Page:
The main character, Casey, is a young woman released from a mental institution after 10 years who cannot remember what happened to send her there. She goes back to her home town to find out. With the help of the local doctor, Blake, who becomes her love interest as well, they start unraveling the horrible story of what took place in her young life. There are a lot of twists and turns here as well as shady characters to keep the reader interested. The novel could have been absolutely captivating if it had been written just a little differently. The light-hearted bantering (dialogue) between 2 main characters took away from the seriousness of the situation. It didn't seem appropriate at times it was inserted in the story line.

It is a disturbing story, how she was repeatedly raped as a child by a stepbrother, neglected by her mother, and the dark images that haunt her but that she can't identify. She has been drugged heavily for the past 10 years in the institution, and she is afraid to take any medication, but agrees to regression therapy as a last resort to try to remember what supposedly drove her mad.

It's hard not to care about Michael's characters. The "Mommy, Dearest" of the main character was a little hard to believe, yet was lots of fun to hate. It's also a fast read and keeps you turning those pages, perfect for a day at the beach or at the airport.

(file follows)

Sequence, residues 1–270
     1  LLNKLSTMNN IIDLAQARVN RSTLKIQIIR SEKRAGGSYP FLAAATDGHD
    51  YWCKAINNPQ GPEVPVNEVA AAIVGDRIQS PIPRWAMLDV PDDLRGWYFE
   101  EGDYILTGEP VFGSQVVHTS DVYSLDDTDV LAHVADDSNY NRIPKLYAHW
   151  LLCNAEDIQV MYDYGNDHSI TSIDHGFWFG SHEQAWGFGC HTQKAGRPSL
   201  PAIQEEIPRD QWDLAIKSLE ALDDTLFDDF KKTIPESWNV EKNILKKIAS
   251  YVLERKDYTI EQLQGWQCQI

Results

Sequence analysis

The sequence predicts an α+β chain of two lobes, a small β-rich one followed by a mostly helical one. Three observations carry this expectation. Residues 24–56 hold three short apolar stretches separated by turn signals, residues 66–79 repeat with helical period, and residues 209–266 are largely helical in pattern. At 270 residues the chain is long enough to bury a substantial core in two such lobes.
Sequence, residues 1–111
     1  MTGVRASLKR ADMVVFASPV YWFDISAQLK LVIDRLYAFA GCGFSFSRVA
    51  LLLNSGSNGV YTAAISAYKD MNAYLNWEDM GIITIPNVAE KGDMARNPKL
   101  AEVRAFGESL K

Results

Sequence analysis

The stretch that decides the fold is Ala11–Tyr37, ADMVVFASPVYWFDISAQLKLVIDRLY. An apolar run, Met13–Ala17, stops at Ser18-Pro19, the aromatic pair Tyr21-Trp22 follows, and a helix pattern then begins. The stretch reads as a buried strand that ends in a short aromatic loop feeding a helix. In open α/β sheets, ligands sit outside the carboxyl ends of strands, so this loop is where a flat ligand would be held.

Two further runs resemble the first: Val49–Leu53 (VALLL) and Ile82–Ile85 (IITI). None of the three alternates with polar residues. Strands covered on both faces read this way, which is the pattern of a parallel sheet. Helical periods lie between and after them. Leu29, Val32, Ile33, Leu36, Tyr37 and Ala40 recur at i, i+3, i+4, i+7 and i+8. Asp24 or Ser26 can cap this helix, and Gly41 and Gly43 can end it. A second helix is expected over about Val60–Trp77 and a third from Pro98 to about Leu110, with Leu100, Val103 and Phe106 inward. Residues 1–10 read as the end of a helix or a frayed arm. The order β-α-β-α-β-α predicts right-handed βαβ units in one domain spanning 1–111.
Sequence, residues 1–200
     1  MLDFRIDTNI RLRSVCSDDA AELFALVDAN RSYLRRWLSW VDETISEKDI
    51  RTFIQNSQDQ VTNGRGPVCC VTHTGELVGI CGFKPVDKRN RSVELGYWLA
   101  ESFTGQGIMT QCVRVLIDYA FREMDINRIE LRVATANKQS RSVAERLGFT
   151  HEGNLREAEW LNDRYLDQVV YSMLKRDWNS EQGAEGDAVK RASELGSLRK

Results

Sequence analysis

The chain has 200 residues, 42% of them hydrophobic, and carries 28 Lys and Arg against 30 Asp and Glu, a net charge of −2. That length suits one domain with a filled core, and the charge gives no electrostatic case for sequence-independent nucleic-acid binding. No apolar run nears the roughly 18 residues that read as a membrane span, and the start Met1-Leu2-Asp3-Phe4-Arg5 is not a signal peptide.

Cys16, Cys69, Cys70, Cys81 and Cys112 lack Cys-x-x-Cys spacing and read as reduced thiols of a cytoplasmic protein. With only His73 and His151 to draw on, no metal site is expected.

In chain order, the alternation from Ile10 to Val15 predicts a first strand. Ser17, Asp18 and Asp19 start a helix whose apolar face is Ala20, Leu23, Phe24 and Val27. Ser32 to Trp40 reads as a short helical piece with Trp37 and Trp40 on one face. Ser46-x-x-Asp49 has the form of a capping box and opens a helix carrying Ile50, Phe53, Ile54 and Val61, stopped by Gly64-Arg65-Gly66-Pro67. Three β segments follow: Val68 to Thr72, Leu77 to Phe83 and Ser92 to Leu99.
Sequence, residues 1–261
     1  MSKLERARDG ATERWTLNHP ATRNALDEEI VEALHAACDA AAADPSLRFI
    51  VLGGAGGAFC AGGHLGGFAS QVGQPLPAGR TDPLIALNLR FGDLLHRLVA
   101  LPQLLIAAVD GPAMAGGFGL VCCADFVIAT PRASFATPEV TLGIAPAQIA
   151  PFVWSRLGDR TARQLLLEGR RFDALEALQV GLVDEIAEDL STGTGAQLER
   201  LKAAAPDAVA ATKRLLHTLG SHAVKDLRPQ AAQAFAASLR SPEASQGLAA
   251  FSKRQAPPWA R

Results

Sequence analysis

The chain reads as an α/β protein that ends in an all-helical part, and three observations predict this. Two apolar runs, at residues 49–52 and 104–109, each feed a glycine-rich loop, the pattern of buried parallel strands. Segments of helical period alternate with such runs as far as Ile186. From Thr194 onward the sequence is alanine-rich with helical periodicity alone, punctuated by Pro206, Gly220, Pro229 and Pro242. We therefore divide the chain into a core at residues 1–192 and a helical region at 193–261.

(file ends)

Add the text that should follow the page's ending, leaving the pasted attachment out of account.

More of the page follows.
One thing that did surprise me about this Fern Michaels is that in the beginning of the book Casey has a daydream of home and family, complete with dog (Fern Michaels' novels aren't complete without a dog) but in the end one isn't mentioned. A golden retriever sitting next to the bassinet of the newborn would have been more like the Michaels we know and love!
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4 of 5 people found the following review helpful By Harriet Klausner #1 HALL OF FAME on April 16, 2003
Format: Mass Market Paperback
Casey Edwards spent the last decade as a resident of a mental institution, but recently was released to wander Sweetwater, Georgia. Casey's memory before her confinement is limited, but she knows her former home is Swan House. She begins to walk home, but Dr. Blake Hunter sees her hiking and gives her a lift to the house where her mother Evie lives with John Worthington.